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equipped to eat human-provid-
ed food.
And just like deer, animals
can bunch up, draw in preda-
tors and create unnecessary
Wild animals are unpredict-
able and can be dangerous to
people who decide to get close
to them.
They can be particularly ag-
gressive or defensive around
food sources, during breeding
seasons and when they have
dependent young nearby.
¡°Winter in Colorado is often a
great time to watch big game
animals. They are more visible
when they congregate on low-
elevation, more open winter
ranges,¡± explained Wenum,
¡°Please, observe them from a
Nature & Wildlife
2018 December/January
Pg 11- The Sunshine Express
* December 13, 14 - Geminids Meteor
Shower, the king of the meteor showers,
produces up to 120 multicolored meteors/
hr at peak, runs annually Dec 7-17, peaks
night of the 13th & morning of the 14th, 1st
qtr moon sets shortly after midnight leav-
ing dark skies for an excellent early morning
show, Meteors radiate from constellation
Gemini but can appear anywhere in the sky.
* December 21 - December Solstice,
occurs at 22:23 UTC, This is the 1st day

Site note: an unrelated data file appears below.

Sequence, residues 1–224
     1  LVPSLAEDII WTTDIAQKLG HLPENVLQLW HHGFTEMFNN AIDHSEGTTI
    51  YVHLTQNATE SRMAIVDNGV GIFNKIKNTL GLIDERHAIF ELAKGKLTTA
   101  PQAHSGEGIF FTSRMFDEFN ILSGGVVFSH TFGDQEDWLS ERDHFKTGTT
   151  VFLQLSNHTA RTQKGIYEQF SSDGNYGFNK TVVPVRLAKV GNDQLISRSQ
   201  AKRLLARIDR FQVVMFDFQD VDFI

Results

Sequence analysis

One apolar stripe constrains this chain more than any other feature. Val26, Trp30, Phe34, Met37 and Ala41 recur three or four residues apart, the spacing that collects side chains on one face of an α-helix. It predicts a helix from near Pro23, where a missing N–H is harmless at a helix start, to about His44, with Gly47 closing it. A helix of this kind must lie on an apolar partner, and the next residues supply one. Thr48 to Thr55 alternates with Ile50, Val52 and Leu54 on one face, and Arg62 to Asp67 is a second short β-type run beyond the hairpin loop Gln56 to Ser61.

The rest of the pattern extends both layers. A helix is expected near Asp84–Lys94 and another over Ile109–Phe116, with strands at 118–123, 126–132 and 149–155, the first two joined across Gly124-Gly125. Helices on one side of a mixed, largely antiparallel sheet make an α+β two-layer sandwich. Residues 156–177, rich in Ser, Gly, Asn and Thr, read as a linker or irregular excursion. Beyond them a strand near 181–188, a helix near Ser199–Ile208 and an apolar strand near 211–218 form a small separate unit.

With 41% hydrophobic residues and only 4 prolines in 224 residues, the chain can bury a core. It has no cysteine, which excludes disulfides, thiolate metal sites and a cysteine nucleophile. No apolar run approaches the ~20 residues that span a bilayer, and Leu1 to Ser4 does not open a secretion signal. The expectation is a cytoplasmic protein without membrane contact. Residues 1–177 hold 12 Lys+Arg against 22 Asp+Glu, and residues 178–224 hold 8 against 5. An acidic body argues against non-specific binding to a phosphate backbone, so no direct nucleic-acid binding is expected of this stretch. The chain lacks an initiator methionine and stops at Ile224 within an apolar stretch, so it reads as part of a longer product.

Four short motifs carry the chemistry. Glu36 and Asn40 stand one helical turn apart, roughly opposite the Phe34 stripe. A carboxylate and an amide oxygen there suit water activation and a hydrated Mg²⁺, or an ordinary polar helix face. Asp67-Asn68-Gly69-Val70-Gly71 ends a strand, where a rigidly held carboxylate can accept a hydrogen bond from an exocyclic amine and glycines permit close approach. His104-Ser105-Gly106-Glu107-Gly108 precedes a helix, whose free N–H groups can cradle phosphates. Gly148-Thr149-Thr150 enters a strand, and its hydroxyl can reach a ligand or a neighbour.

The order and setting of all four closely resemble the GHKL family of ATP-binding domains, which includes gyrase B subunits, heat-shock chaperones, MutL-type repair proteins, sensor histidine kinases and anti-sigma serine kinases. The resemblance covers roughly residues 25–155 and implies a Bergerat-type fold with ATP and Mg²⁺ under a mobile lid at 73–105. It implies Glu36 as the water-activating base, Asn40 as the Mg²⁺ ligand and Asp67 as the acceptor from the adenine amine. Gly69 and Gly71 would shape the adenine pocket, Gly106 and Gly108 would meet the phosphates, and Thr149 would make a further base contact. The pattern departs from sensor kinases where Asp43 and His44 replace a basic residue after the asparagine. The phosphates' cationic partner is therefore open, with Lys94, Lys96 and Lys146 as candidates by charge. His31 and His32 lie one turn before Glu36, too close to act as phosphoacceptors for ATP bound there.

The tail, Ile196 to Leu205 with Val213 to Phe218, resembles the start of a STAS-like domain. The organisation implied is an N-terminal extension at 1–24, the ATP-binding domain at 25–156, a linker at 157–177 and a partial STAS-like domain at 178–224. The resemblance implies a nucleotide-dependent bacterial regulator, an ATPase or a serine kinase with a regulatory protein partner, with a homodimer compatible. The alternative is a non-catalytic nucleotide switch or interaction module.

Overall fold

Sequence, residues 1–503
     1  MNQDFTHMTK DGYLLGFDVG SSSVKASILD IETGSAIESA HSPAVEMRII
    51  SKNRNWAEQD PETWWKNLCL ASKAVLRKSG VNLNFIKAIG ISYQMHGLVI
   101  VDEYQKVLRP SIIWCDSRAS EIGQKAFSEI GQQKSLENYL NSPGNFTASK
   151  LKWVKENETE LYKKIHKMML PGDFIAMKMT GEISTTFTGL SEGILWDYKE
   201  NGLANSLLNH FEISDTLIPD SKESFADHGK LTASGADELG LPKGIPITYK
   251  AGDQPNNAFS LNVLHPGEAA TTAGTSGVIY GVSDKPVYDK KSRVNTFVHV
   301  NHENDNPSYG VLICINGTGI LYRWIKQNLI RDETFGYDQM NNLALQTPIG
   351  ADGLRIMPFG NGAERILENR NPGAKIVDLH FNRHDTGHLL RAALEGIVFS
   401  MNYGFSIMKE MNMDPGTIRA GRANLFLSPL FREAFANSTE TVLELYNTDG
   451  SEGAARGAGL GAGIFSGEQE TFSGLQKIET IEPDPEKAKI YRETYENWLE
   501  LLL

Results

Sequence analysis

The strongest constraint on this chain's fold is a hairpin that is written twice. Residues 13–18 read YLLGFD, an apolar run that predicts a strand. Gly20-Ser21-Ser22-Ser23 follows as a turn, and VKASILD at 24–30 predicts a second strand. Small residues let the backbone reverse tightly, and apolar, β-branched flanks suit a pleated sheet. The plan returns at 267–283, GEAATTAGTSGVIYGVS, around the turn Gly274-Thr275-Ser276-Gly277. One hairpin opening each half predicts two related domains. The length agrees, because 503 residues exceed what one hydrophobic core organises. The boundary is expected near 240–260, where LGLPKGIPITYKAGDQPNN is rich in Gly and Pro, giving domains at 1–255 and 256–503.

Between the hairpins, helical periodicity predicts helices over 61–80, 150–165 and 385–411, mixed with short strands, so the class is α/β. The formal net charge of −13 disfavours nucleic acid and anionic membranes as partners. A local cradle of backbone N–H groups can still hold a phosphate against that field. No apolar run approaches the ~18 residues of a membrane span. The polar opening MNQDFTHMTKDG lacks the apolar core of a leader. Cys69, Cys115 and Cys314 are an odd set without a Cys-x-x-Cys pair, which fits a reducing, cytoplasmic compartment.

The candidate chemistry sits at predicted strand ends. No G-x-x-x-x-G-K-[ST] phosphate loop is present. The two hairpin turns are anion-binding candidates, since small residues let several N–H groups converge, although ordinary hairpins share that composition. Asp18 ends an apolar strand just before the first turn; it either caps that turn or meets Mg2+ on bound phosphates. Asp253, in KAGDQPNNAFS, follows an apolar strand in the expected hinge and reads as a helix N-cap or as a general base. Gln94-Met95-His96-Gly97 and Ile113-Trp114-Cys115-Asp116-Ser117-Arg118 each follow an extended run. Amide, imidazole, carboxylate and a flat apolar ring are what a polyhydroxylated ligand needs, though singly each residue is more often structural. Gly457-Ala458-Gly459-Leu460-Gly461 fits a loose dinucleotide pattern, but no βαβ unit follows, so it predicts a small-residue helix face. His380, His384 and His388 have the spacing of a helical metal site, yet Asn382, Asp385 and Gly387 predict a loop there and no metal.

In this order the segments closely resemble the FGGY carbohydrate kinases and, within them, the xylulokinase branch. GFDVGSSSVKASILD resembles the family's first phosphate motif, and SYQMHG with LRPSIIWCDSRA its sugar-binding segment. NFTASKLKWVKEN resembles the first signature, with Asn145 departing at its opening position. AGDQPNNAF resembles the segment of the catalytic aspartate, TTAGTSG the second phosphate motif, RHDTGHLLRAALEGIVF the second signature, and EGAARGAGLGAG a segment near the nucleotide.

of winter (winter solstice) in the Northern
Hemisphere and the 1st day of summer
(summer solstice) in the Southern Hemi-
* December 22 - Full Moon, occurs at
17:49 UTC, known by early Native American
tribes as the Full Cold Moon because it¡¯s the
time of year when cold winter air settles
in & nights become long & dark, also been
known as Full Long Nights Moon and Moon
Before Yule.
* December 21, 22 - Ursids Meteor
Shower, produces about 5-10 meteors/hr,
runs annually Dec 17-25, peaks night of the
21st & morning of the 22nd, the full moon
will hide all but the brightest meteors, Mete-
ors radiate from constellation Ursa Minor but
can appear anywhere in the sky.
* January 3, 4 - Quadrantids Meteor
Shower, above average shower, up to 40
meteors/hr at peak, runs annually Jan 1-5,
peaks night of the 3rd & morning of the 4th,
moon will be thin crescent and should not
interfere with a good show, Meteors radiate